2 years 7 months ago
Walt, I’m not 100% sure since there is no way to predict the future with complete certainty. However: “the best predictor of future behavior is past behavior.” So, let’s examine past behavior: . 2 years ago, this administration tried to eliminate the out of pocket max protection for expensive cancer drugs, for state employees. They did not succeed but they tried hard to do this. State employees would have had to pay 40% for many extremely expensive cancer and M.S. drugs. Nice guys huh? . This administration will not provide health insurance to many full time state employees who are… Read more »
2 years 7 months ago
It’s one thing to believe that a “single payer System won’t be any good, in spite of evidence to the contrary…It’s another to distort facts as Ms. Johnston perpetually does to state her case. As far as people leaving the state, Vermont is in the top ten of states in percentage new comers arriving and Vermont is #1 in % ofyounger new comers. Also also they rank #2 in education. Mass. is #1. We must be doing something right. Moreover 2 years ago there was rally of medical students in Montpelier that they would practice in Vermont due to single… Read more »
Al Walskey
2 years 7 months ago
I’m not a fan of Darcie J. but would like to hear the audio of the robo call so I can make an informed decision. Where can I hear it? Vermonters for Health Care Freedom had a despicable meeting some time ago in conference room 11 that was presided over Senator Randy Brock. I came with an open mind to learn if there were any valid complaints or reasonable suggestions that could be adopted to improve the bill for health care. I was shocked at the language and accusations against those who were pushing for health care reform. It was… Read more »
2 years 7 months ago

Hi Al,
The audio is now posted in this story.
Thanks for asking.
Anne Galloway
Editor and Co-Publisher, VTDigger

Marie Parker
2 years 7 months ago
Cheryl – You are spot on in m opinion. The exchange is not ideal for all. From what I have seen and have heard from others, is the cost is too high. Either the deductables are high or the premiums are high. You have a choice to pick how you want to pay – upfront or after services. I work in healthcare and can tell you the individuals who do not have insurance pay the most for the same care/procedures that others have coverage for. That coverage is negotiated between the service providers (hospitals) and the insurance company. If everyone… Read more »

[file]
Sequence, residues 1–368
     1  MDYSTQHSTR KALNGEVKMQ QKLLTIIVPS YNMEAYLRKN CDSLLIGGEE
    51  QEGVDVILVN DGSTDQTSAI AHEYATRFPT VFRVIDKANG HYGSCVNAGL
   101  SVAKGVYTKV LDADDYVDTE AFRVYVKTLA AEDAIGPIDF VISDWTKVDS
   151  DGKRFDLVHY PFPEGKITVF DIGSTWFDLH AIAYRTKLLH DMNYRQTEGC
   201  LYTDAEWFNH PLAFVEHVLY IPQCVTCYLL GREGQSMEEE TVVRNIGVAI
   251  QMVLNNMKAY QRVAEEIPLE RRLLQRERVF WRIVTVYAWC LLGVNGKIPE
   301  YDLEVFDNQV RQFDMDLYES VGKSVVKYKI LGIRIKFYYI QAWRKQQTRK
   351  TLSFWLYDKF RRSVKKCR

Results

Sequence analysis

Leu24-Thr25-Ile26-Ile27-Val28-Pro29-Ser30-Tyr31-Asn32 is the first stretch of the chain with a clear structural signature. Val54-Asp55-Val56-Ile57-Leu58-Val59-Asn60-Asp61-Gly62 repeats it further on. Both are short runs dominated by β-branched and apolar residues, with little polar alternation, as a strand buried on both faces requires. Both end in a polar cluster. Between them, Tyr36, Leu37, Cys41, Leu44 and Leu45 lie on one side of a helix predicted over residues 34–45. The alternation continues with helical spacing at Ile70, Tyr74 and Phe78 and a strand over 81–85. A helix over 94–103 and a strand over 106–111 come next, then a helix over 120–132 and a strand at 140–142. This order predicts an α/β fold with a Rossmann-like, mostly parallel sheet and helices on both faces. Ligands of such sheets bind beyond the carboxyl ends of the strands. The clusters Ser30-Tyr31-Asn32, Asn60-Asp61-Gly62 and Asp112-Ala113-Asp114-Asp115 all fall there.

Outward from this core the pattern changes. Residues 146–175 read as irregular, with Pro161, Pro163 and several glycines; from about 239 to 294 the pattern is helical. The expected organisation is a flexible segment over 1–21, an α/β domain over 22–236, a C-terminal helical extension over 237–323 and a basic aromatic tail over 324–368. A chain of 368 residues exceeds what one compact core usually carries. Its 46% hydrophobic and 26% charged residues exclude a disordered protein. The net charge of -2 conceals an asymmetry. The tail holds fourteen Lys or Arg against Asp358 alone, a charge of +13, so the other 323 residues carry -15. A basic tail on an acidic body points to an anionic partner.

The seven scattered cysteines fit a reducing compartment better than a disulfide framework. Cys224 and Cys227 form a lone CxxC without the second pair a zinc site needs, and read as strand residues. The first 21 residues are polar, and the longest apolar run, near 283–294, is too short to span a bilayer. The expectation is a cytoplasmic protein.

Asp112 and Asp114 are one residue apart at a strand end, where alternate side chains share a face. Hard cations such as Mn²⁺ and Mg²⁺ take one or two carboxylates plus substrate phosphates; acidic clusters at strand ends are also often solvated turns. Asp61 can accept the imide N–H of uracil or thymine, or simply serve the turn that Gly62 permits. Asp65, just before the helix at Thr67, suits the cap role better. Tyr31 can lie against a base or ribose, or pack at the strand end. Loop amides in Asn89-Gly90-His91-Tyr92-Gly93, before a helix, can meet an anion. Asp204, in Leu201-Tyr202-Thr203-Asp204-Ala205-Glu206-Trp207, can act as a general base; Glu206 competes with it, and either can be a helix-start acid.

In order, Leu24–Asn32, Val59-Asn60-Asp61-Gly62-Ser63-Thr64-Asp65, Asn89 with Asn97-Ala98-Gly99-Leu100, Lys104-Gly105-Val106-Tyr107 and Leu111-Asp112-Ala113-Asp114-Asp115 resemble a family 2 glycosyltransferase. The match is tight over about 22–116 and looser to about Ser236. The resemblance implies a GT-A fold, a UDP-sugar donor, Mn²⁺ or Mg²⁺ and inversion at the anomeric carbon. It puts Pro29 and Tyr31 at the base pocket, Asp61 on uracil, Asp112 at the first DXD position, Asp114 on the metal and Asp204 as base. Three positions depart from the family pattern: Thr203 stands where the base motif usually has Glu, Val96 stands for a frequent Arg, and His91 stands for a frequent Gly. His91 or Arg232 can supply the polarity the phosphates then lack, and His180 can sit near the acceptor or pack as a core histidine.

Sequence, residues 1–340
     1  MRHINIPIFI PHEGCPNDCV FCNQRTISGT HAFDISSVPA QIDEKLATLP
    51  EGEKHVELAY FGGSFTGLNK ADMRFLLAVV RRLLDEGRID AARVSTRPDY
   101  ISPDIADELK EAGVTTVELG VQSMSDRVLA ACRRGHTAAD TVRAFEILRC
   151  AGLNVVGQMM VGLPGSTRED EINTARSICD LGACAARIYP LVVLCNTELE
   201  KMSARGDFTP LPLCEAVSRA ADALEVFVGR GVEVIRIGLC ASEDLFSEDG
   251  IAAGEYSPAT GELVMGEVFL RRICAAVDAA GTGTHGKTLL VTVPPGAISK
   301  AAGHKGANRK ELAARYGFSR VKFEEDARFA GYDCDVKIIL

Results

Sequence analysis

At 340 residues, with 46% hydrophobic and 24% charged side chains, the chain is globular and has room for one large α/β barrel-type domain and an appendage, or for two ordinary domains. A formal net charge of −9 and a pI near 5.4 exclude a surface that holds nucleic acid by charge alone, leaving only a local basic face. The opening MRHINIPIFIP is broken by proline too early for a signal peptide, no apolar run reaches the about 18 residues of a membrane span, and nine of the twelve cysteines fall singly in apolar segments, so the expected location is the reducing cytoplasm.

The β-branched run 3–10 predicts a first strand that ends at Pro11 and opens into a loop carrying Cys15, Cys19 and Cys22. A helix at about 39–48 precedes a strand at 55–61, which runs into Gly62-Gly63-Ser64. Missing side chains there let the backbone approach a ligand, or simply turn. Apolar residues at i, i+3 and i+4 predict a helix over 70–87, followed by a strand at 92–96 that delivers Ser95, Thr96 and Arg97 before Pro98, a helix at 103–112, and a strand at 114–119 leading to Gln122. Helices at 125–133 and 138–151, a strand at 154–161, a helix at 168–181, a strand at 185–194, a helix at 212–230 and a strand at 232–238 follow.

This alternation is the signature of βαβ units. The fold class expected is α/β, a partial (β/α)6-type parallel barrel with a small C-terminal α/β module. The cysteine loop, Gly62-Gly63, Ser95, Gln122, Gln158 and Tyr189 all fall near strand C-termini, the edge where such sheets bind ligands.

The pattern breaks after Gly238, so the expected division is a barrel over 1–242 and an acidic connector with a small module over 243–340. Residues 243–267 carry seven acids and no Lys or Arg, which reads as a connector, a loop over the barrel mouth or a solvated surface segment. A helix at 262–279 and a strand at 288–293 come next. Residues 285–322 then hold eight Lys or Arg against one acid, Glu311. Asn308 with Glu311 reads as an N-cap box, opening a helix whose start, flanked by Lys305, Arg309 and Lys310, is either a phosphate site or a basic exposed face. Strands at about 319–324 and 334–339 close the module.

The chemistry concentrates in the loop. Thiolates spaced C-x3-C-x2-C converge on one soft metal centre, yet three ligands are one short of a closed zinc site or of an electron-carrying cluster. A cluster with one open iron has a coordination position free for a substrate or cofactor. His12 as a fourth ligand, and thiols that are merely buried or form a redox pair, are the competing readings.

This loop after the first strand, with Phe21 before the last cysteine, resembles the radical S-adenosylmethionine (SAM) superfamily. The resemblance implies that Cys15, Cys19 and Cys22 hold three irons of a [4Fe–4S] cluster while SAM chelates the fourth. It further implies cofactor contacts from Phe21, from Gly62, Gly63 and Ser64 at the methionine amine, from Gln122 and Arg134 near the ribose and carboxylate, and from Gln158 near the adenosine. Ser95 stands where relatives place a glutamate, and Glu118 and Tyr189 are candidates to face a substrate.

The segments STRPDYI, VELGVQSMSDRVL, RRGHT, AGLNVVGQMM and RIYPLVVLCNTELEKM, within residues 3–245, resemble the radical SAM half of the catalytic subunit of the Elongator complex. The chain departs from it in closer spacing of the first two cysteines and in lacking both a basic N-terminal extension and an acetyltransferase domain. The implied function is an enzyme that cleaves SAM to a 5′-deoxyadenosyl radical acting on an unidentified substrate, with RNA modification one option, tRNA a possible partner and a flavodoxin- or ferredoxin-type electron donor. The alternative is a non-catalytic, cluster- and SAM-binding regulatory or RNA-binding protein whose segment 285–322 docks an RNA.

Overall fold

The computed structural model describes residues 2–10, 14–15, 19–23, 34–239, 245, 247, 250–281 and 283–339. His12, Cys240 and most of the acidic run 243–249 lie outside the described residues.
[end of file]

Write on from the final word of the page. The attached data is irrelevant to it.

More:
Dave Williams
2 years 7 months ago
Thanks for the audio link. A number of the above comments were off base, especially the one claiming that the robo call had “voices hysterically yelling at me “. It always helps getting the info at the source and not relying on biased partisan comments. I agree that there has to be an escape plan if the exchange is not able to get all the 100,000 insured by the deadline. Enacting the waiver sounds like a good backup plan. The Times Argus had a report last week that MVP and Blue Cross were worried about meeting the deadline as they… Read more »
Paula Schramm
2 years 7 months ago

Dave – Just clarifying… my comment wasn’t “partisan” , it was based on actually experiencing a robo-call that was yelling hysterically at me about the ACA ! Thanks to your & Al’s request, I can hear the VHCF call for verification & affirm that what I got was not the same. My mistake, but not one made on purpose. Bad Tea Party timing…..

Ken Hertz
2 years 7 months ago

The whole thing would indeed be much simpler if we had a single payer system. I rather like the system I saw in Germany: basic coverage under a single payer system, supplementary coverage on the open market.

Dan McCauliffe
2 years 7 months ago

Ken, Germany is not a single payer system as you imply. It is a multi-payer system (also known as a hybrid system) with financing from both private and public (taxes) funds. I suggest you read this German physician’s description of their health care system for more details. http://www.startribune.com/opinion/commentaries/199450051.html

Paula Schramm
2 years 7 months ago
I read the article on the German system – here’s the opening : The German health system is more complex than it seems, and is a multi-payer system. Every working person has to pay about 15 percent of his or her salary for health insurance. There are more than 130 health insurance companies. About 10 percent of the population is, as we call it, privately insured. You’d have to earn more than 46,000 euros (about $60,000) to have the right to be a “private patient.” The unemployed and homeless are taken care of by the state, i.e., taxpayers. The market… Read more »
Dan McCauliffe
2 years 7 months ago
Paula, I strongly agree with you that the US needs to reform its health care system to make it more affordable and accessible to all. Evidence shows that the European mixed payer (publicly and privately funded) systems are superior to the single payer Canadian model that Vermont is adopting, as I have shared in previous VTDigger posts. Canada is one of the few remaining single payer health care systems in the world, and this may change as the long waiting times are harmful to patients and creating an impetus to reform the Canadian system to be more like the mixed-payer… Read more »
Paula Schramm
2 years 7 months ago
“With the very large US deficit and aging US population, we as a state, and as a nation have our own very big challenges ahead.” Yes, we certainly do have very big challenges, and one of them is reforming health care. I don’t have the time to research all that you write, but logically the argument on Canadian bankruptcies doesn’t really make sense. Of course people can face bankruptcy when they can’t work because of illness – but that is not the same as going bankrupt because you can’t pay your medical bills, which is not the problem in Canada.(… Read more »
wpDiscuz
Thanks for reporting an error with the story, "Robocall vs. email-stuffer in the battle of health exchange rivals"